Sixth Circuit Denies Qualified Immunity for Failure to Protect Michigan Prisoner from Unsafe Working Conditions
by David M. Reutter
The U.S. Court of Appeals for the Sixth Circuit held on August 24, 2021, that two Michigan prison employees were not entitled to qualified immunity in a lawsuit alleging they were deliberately indifferent to a prisoner’s safety.
The case involved an October 15, 2015, incident in which a 400-pound laundry cart fell on the prisoner, Kelly Jane Rhodes, who was on just her second day of work as a laundry porter at Woman’s Huron Valley Correctional Facility (WHVCF). The accounts of what occurred differ in some respects, but “everyone involved agrees that laundry-porter work is dangerous,” the Court noted.
Despite the danger, Rhodes had received only limited, on-the-job training. She spent her first day watching to see how other porters unloaded and loaded the laundry carts from the truck used to transport them. The second day, at the urging of two other porters, Rhodes stepped in to help unload the truck.
The process was supposed to work like this: The truck driver, guard Richard Jones, pushed a cart onto the truck’s lift gate, which had no stop, so he would ask if the porter had it before letting go, after which the porter would hold the cart in place as another guard, Paul McPherson, lowered the lift gate.
Jones admitted that he did not ask Rhodes if she had control of the cart before he let go of it. Prisoner Anthernett Thomas said that Jones was in a rush that day because he was running late and that he “flung” the cart at Rhodes without making sure that she had control of it as he usually did. She said the cart was moving too fast and already tilting when it reached Rhodes.
It was disputed whether McPherson had started lowering the gate when the cart tipped off the truck. Rhodes retained no memory of the incident. But Thomas and fellow prisoner Tabitha Parker said they saw the cart tipping and told Rhodes to step out of the way.
“Despite the instruction, and perhaps because she panicked, Rhodes moved forward instead of back and was struck by the cart, causing her head to strike against the concrete with the cart landing on her legs,” the Court noted, adding that she was “bleeding profusely from her nose and the left side of her head.”
As a result of the mishap, she suffered skull and facial fractures, brain injuries, internal bleeding, and further injuries to her face, scalp, and left side when a laundry cart fell onto her.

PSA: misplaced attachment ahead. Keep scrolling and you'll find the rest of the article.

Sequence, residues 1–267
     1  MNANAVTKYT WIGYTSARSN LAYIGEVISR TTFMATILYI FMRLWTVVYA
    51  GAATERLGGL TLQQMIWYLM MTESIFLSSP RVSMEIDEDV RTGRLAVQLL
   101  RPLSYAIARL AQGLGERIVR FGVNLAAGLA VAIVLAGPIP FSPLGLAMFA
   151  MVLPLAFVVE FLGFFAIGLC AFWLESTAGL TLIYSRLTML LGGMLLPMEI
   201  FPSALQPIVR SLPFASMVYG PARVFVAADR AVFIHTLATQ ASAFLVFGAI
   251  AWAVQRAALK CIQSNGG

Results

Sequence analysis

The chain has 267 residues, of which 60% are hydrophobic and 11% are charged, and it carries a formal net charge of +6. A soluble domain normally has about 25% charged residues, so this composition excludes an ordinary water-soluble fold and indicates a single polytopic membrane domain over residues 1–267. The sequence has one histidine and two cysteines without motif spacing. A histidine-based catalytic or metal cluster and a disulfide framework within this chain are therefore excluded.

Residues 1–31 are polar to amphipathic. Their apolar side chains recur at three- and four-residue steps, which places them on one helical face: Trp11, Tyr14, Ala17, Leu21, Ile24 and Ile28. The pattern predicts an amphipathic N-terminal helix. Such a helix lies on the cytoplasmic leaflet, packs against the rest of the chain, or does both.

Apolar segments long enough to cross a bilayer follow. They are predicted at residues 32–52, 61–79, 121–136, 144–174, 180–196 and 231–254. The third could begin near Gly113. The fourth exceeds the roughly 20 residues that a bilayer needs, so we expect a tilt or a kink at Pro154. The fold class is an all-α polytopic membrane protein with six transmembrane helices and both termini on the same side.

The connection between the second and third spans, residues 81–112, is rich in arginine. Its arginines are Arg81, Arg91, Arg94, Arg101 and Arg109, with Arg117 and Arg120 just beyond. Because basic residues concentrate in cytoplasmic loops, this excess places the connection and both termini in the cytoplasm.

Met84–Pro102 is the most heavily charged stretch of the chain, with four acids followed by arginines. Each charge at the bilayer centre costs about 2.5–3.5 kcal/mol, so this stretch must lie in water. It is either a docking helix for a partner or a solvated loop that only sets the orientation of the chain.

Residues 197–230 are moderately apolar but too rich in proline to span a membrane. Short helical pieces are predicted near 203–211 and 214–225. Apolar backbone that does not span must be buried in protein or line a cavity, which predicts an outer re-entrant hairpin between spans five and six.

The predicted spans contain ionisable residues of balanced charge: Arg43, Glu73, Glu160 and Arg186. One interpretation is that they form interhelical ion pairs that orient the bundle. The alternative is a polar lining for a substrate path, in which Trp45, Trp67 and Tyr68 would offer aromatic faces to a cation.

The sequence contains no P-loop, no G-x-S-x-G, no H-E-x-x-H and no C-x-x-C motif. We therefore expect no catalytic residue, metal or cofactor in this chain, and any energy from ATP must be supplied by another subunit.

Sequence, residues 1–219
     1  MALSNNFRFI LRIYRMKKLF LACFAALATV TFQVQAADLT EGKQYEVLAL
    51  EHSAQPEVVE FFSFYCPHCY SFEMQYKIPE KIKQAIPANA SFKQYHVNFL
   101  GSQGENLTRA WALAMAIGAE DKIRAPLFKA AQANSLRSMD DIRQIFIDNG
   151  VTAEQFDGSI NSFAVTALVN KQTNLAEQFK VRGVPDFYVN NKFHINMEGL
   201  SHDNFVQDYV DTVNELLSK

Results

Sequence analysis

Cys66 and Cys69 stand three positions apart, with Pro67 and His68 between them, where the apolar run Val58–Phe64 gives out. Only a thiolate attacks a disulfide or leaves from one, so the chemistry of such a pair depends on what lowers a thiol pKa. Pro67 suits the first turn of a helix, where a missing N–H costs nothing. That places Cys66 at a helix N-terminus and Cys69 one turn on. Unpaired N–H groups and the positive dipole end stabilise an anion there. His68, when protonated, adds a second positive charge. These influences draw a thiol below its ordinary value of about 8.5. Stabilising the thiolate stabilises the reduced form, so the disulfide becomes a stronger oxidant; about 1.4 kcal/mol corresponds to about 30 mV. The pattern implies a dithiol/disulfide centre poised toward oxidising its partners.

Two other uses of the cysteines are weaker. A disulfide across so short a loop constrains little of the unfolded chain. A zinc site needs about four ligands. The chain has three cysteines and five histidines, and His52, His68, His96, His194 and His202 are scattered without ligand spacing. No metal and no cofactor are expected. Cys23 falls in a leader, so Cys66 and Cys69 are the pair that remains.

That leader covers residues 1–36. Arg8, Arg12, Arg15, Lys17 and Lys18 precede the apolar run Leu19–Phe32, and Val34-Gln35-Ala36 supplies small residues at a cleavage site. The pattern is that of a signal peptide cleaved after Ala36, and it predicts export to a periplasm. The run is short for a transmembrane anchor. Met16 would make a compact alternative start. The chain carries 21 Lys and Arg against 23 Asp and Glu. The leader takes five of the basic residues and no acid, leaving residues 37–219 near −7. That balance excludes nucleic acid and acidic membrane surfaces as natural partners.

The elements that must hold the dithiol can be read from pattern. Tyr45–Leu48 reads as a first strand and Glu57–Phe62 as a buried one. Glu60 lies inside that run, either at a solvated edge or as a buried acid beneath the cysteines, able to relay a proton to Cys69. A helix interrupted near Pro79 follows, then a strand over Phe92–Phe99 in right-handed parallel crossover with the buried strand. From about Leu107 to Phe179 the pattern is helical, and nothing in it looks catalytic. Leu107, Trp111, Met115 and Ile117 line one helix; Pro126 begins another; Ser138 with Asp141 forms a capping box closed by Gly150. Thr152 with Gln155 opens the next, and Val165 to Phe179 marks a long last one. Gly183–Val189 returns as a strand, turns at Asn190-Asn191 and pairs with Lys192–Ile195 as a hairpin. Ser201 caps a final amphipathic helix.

Rhodes settled her state tort claims for $50,000. She also filed suit in federal court on July 26, 2017, accusing the two guards and other prison officials of violating her Eighth Amendment guarantee of freedom from cruel and unusual punishment, based on the unsafe nature of her prison work environment, their failure to train her properly as a laundry porter, and their failure to protect her. In addition, she made a Fourteenth Amendment substantive due process claim alleging her injuries infringed on her right to bodily integrity and ran afoul of the state-created danger doctrine.
The defendants moved for summary judgment. Rhodes responded to that motion by dismissing all defendants except the two guards, Jones and McPherson. The district court then found the guards were entitled to qualified immunity and granted the summary judgment motion as to them. Rhodes appealed.
A three-judge panel of the Sixth Circuit then took up the case, finding first that the testimony of Jones and McPherson confirmed that Rhodes’ work as a laundry porter entailed an objectively substantive risk of serious harm. So, the district court had properly concluded that Jones disregarded that risk. But it erred in not finding the same as to McPherson, for there was a dispute as to whether he lowered the lift gate too early and did so knowing Rhodes was not paying attention to the cart and did not have control of it.
The Court then took up the issue of qualified immunity and found it was clearly established that constitutional conditions of confinement apply to prison work conditions, with sufficient precedent in its sister circuits “to put a reasonable prison official on notice that their recklessly disregarding a known risk to a prison worker’s safety would not just be irresponsible, but would violate the person’s right to be free from ‘unnecessary and wanton infliction of pain’ under the Eighth Amendment.”
Thus, the district court’s order was reversed on the Eighth Amendment claim, but it was affirmed as to the Fourteenth Amendment claim, and the case remanded for further proceedings. See: Rhodes v. Michigan, 10 F.4th 665 (6th Cir. 2021).
The defendants then filed a petition with the Court for a rehearing en banc before the full Sixth Circuit, but that was denied on October 27, 2021. See: Rhodes v. State, 2021 U.S. App. LEXIS 32269 (6th Cir.).
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Related legal cases
Rhodes v. Michigan
|Cite||10 F.4th 665 (6th Cir. 2021)|
|Level||Court of Appeals|
|Appeals Court Edition||F.4th|
Rhodes v. State
|Cite||2021 U.S. App. LEXIS 32269 (6th Cir.)|
|Level||Court of Appeals|